"Now you two—no ragging," the young man with the red face reproved them, who was marking.
"Take care or we shall be seen," whispered Helen, plucking Rachel by the arm. Incautiously her head had risen to the middle of the window.
Turning the corner they came to the largest room in the hotel, which was supplied with four windows, and was called the Lounge, although it was really a hall. Hung with armour and native embroideries, furnished with divans and screens, which shut off convenient corners, the room was less formal than the others, and was evidently the haunt of youth. Signor Rodriguez, whom they knew to be the manager of the hotel, stood quite near them in the doorway surveying the scene—the gentlemen lounging in chairs, the couples leaning over coffee-cups, the game of cards in the centre under profuse clusters of electric light. He was congratulating himself upon the enterprise which had turned the refectory, a cold stone room with pots on trestles, into the most comfortable room in the house. The hotel was very full, and proved his wisdom in decreeing that no hotel can flourish without a lounge.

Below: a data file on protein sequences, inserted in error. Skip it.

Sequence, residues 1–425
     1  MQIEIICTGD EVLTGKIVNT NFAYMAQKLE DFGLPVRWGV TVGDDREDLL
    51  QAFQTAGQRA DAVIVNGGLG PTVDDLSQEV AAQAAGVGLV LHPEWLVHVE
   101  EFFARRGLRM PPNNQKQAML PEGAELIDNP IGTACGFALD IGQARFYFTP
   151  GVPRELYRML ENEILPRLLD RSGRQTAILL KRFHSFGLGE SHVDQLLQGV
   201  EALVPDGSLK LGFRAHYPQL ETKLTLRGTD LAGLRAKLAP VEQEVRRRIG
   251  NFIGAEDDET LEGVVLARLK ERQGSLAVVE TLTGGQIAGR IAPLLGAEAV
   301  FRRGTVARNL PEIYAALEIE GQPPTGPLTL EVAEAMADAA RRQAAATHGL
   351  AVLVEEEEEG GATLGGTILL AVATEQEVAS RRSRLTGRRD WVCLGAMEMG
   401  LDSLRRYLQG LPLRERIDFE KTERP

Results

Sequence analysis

The people were scattered about in couples or parties of four, and either they were actually better acquainted, or the informal room made their manners easier. Through the open window came an uneven humming sound like that which rises from a flock of sheep pent within hurdles at dusk. The card-party occupied the centre of the foreground.
Helen and Rachel watched them play for some minutes without being able to distinguish a word. Helen was observing one of the men intently. He was a lean, somewhat cadaverous man of about her own age, whose profile was turned to them, and he was the partner of a highly-coloured girl, obviously English by birth.
Suddenly, in the strange way in which some words detach themselves from the rest, they heard him say quite distinctly:—
"All you want is practice, Miss Warrington; courage and practice—one's no good without the other."
"Hughling Elliot! Of course!" Helen exclaimed. She ducked her head immediately, for at the sound of his name he